But God did not leave him at once. Samson stretched the grace of God. It was after the fifth time that he was not the deliverer of Israel anymore; what was left was just mortal Samson of Eshtaol. He became powerless and ended up blind, helpless, humiliated, labouring like an animal as a slave of the very people he was to destroy.
This was the story of Israel. This was the story of the other judges. A human deliverer would always fail. God’s people would always fail. They needed a Perfect Deliverer, a sinless one, a Saviour who could finally satisfy God’s wrath on sin, a Saviour who would finally destroy the enemy to set his people free.
This Saviour was the One born in Bethlehem and who went on to destroy death and sin and hell and Satan on Calvary’s Hill.
Who knows what went through Samson’s mind as he, with eyes cut out, in the darkness of the mill floor reflected on his life. What went through his mind when they came to get him to entertain them as they were gathered in the temple of Dagon, jeering:
“Our god has delivered into our hands Samson our enemy!” (Judges 16:23, NKJV)
Dagon’s temple was most probably in Ashdod north of Gaza (1Samuel 5:1).
Wesley penned down this poem:
Into their hands by sin betrayed,
(The sin I cherished in my breast)
Low in the deepest dungeon laid,
Fettered in brass, by guilt oppressed;
A slave to Satan I remain,
And bite, but cannot burst my chain.
Now to their idol’s temple brought,
A sport I am to fiends and men,
They set my helplessness at nought,
They triumph in my toil and pain:
Th’ uncircumcised lift up their voice,
And Dagon’s worshippers rejoice.
He shuffled in, chains around his ankles. He was stripped of all dignity and pride. Around him, there was just darkness.
All the rulers of the Philistine were there, and the galleries were packed with 3,000 Philistines. Guided by another servant he asked to put between the pillars supporting the roof.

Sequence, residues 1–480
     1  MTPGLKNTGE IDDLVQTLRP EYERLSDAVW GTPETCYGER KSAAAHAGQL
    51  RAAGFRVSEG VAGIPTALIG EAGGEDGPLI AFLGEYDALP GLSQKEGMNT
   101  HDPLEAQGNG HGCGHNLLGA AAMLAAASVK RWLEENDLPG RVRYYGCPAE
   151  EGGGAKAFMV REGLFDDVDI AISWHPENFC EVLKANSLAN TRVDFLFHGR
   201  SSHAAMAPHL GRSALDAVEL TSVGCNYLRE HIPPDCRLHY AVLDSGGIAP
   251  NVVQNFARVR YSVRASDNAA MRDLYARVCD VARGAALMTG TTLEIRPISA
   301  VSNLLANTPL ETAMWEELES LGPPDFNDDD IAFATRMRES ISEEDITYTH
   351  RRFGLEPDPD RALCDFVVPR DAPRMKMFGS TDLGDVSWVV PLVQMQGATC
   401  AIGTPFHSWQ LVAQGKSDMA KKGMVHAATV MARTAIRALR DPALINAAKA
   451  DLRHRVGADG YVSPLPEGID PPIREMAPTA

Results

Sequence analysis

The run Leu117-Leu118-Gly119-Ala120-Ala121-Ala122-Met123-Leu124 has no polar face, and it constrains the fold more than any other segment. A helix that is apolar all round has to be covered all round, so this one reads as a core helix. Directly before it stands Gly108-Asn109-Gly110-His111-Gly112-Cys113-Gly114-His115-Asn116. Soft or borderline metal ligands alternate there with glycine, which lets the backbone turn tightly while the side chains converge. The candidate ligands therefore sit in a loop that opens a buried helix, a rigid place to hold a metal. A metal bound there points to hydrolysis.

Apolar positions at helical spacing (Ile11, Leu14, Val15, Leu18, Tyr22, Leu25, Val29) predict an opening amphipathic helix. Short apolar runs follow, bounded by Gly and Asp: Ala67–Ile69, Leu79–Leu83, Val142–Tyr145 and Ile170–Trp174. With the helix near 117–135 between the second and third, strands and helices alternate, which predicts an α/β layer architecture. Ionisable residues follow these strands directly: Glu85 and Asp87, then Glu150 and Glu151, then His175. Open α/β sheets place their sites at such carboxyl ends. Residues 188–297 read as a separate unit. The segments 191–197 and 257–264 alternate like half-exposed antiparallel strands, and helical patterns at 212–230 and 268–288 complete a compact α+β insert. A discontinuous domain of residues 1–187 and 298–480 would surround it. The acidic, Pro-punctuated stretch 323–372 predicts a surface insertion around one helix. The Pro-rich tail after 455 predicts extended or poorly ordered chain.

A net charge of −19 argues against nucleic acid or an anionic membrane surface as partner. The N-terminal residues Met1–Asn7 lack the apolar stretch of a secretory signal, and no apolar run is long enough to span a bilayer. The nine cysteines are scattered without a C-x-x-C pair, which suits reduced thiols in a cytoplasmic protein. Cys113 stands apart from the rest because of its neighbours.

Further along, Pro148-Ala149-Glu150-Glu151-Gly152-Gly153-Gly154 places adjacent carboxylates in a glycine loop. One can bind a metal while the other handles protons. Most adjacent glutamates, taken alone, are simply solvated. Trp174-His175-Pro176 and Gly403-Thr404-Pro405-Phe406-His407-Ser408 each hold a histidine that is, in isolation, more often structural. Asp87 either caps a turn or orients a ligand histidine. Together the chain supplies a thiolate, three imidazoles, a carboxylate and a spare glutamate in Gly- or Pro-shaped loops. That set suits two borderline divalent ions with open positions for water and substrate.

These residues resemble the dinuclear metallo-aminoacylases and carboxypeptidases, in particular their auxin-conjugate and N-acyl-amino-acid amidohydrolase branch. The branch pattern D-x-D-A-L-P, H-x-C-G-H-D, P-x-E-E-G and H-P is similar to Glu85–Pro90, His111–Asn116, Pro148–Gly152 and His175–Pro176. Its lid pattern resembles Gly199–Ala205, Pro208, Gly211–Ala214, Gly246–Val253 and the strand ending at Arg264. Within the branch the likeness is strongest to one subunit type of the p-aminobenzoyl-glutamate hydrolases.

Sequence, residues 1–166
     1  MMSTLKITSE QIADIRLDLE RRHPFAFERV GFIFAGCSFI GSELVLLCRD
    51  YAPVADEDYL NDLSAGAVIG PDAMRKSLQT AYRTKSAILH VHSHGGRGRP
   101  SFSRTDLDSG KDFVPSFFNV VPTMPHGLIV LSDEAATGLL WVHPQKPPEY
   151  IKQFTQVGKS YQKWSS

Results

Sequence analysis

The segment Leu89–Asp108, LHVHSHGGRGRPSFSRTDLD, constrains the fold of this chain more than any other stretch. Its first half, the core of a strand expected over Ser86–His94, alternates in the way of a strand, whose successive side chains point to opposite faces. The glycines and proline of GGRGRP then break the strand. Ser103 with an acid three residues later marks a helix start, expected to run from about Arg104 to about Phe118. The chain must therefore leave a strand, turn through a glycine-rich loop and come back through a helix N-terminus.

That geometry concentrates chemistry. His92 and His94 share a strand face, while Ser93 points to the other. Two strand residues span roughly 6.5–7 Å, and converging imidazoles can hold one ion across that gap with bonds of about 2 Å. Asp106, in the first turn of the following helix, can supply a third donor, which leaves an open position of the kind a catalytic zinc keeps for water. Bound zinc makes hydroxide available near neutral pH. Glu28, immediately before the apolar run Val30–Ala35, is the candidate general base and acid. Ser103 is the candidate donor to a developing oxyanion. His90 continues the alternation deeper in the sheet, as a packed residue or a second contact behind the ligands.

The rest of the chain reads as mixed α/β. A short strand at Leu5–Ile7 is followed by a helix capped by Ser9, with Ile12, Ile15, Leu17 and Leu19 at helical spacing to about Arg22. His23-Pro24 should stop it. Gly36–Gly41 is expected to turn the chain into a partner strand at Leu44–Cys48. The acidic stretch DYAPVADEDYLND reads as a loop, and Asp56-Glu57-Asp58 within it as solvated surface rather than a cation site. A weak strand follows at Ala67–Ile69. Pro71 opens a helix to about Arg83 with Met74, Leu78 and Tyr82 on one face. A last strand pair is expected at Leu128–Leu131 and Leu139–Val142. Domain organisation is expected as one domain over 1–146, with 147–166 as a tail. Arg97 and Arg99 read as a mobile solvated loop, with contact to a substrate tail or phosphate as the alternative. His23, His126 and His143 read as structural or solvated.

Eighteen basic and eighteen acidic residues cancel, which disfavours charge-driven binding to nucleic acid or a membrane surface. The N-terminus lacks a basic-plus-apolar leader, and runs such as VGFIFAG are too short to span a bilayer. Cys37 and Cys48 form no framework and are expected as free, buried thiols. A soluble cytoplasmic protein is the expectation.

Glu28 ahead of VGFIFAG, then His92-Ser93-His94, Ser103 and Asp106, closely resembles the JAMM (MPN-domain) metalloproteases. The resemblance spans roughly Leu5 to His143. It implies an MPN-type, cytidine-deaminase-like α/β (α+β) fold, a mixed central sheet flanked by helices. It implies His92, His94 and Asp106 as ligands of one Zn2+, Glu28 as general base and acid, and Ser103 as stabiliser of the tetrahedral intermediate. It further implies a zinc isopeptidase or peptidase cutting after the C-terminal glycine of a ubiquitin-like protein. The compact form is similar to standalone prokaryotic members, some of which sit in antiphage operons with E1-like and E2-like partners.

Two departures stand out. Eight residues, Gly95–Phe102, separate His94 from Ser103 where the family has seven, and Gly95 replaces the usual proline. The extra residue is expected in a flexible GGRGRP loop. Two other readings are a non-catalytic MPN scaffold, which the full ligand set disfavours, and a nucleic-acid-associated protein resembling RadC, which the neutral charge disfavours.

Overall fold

Wesley’s poem continues:
Remember me, O Lord, my God,
If ever I could call thee mine;
Though now I perish in my blood,
And all my hopes of heaven resign,
Yet listen to my latest call,
Nor suffer me alone to fall.
O cast not out my dying prayer,
Strengthen me with thy Spirit’s might
This only once: I pray thee, hear,
Avenge me for my loss of sight,
Avenge it on mine enemies,
For they have put out both mine eyes.
Was his prayer sincere? Calvin helps us to understand:
“…even though there was some righteous zeal mixed in, still a burning and hence vicious longing for vengeance was in control. God granted the petition. From this, it seems, we may infer that, although prayers are not framed to the rule of the Word, they obtain their effect.”
God gave him the strength to push the supporting pillars over, killing the rulers and the people—and most importantly, making a spectacle of the god of the Philistines. Yet, it was the end of Samson, killing “at his death were more than he had killed in his life.” (Judges 16:30)
Another deliverer failed. Samson died a victorious wreck.
The scene shifted to Bethlehem where Christ was born. Our reading from Hebrews states:
Therefore, since the children share in flesh and blood, he likewise shared in their humanity, so that through death he could destroy the one who holds the power of death (that is, the devil), and set free those who were held in slavery all their lives by their fear of death. (Hebrews 2:14–15)
If your Christmas only takes you the stable, and not to the cross, you miss the message of Scripture. If you do not worship Christ as the One who destroyed death and Satan, you will find yourself with Samson in the lap of sin, and with him, you will die with the enemy.
I plead with you, fall down and worship Him as Lord and Saviour.
Sermon preached by Rev D. Rudi Schwartz on Sunday 16 December 2018